From Medscape Medical News > Psychiatry
Maternal Obesity Linked to Autism, Other Developmental Disorders
April 12, 2012 — Metabolic conditions in pregnant women may be associated with increased risk for autism and other neurodevelopmental disorders in their offspring, new researchsuggests.
In a cohort study of more than 1000 children between the ages of 2 and 5 years, those who had mothers classified as having "metabolic conditions" (which included diabetes, hypertension, and obesity) during pregnancy were at a significantly higher risk of developing an autism spectrum disorder (ASD) and developmental delays than the children with mothers who did not have metabolic conditions.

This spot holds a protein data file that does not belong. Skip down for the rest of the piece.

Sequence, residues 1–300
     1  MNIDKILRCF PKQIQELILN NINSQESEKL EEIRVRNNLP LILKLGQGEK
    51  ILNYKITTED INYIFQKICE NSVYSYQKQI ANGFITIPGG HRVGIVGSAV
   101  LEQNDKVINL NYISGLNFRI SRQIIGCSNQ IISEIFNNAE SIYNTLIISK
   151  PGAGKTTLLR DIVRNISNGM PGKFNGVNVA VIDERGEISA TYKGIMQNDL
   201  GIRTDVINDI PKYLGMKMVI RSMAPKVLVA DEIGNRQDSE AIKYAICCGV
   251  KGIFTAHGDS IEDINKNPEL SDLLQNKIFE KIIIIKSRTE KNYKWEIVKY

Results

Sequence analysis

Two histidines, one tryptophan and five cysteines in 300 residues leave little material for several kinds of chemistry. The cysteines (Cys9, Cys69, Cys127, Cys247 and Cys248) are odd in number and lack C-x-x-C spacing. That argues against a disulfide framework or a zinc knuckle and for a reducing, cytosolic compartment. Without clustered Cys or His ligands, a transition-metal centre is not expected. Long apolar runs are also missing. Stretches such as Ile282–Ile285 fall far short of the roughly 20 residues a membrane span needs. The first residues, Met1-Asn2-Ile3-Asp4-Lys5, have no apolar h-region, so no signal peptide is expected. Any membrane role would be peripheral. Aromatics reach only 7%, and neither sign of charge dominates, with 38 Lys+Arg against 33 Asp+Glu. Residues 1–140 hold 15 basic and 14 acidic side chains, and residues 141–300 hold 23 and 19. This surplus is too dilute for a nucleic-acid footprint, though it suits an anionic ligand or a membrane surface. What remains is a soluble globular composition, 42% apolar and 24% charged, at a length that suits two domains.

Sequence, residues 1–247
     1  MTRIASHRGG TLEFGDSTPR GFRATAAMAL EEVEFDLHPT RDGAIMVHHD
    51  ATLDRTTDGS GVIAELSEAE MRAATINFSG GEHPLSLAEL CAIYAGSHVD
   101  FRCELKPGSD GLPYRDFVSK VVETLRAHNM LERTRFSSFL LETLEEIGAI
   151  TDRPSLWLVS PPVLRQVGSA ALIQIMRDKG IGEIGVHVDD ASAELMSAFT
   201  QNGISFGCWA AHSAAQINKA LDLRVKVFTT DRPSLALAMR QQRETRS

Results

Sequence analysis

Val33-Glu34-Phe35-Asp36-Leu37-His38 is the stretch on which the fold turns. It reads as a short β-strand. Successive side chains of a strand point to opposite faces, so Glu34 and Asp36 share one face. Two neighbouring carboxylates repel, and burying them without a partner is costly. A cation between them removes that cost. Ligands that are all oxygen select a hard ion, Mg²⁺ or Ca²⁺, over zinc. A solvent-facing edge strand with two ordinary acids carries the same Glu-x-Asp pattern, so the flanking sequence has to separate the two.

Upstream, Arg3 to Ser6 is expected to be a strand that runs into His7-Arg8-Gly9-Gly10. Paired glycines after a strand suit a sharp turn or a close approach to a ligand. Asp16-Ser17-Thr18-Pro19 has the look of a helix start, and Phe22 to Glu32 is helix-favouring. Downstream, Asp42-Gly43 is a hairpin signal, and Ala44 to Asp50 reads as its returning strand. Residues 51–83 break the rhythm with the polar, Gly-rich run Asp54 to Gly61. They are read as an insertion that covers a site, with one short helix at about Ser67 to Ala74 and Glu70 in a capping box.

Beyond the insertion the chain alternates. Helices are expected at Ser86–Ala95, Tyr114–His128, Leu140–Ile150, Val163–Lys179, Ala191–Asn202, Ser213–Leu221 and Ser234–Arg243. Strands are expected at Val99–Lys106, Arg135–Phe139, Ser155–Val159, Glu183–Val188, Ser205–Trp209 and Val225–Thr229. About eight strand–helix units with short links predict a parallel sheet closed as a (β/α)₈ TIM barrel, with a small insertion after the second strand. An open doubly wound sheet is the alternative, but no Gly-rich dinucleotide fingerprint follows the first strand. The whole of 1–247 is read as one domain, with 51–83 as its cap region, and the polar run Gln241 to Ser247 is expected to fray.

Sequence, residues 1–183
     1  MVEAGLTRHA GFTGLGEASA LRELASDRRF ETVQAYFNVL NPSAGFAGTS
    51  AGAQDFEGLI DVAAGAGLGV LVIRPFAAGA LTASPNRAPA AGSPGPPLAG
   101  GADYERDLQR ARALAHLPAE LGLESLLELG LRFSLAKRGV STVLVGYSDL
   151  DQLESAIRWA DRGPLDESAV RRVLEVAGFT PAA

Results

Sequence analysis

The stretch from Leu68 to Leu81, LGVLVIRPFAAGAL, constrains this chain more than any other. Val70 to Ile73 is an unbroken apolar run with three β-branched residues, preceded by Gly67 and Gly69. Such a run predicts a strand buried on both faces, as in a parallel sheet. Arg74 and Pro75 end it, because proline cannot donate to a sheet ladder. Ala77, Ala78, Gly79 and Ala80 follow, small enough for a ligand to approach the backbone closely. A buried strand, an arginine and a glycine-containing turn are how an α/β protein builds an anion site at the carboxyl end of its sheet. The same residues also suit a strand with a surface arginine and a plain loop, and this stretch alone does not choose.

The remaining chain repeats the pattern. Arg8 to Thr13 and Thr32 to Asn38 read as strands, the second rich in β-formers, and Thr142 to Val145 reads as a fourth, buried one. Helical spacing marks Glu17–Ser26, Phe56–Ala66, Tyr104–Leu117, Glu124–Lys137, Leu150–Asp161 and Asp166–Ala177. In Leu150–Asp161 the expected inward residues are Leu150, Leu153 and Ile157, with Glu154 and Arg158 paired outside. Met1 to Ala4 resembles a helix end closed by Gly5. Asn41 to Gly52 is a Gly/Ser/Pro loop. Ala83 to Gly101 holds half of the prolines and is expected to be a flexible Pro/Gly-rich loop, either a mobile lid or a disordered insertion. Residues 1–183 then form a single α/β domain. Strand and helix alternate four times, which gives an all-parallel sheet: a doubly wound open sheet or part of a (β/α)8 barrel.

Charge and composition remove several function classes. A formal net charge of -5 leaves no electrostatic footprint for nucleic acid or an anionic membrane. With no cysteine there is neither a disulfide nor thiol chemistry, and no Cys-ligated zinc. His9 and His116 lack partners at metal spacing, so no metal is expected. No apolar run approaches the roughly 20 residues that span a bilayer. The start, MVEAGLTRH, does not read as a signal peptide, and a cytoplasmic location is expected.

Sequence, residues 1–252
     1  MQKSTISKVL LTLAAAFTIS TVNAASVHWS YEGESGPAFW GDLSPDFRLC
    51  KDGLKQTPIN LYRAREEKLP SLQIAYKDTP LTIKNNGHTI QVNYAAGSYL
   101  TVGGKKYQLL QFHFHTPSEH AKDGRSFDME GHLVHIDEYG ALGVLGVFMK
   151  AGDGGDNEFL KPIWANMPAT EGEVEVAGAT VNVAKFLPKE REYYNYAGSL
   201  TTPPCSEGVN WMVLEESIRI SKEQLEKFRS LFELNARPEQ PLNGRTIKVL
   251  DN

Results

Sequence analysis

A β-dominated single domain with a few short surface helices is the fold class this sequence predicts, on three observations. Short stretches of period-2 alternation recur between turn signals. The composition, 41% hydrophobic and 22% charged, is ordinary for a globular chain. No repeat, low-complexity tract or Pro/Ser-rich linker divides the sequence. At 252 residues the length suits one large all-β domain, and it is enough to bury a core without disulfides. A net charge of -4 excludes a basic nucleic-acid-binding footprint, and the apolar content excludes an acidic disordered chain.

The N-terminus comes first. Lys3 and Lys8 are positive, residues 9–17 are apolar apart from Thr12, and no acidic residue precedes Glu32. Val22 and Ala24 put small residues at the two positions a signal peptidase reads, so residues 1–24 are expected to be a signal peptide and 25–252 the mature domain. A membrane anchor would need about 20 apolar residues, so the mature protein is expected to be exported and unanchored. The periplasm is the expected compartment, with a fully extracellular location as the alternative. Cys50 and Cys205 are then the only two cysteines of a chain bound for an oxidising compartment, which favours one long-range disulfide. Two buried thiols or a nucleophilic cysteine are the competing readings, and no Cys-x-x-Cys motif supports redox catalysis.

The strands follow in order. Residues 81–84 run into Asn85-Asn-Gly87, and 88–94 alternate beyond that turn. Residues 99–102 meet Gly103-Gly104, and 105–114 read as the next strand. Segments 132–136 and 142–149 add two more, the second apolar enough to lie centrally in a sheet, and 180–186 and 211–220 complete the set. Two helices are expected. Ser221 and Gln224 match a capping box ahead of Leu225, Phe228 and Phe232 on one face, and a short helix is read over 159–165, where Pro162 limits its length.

In addition, mothers who were obese were 1.6 times more likely to have a child with ASDs and more than twice as likely to have a child with other developmental problems. Maternal diabetes alone was associated with significant risk for overall developmental problems and lower expressive language skills in their children.
"The prevalence of obesity and diabetes among US women of childbearing age is 34% and 8.7%, respectively," senior author Irva Hertz-Piccioto, PhD, University of California, Davis, and colleagues write.
"With obesity rising steadily, [our] results appear to raise serious public health concerns," they add.
The study was published online April 9 in Pediatrics..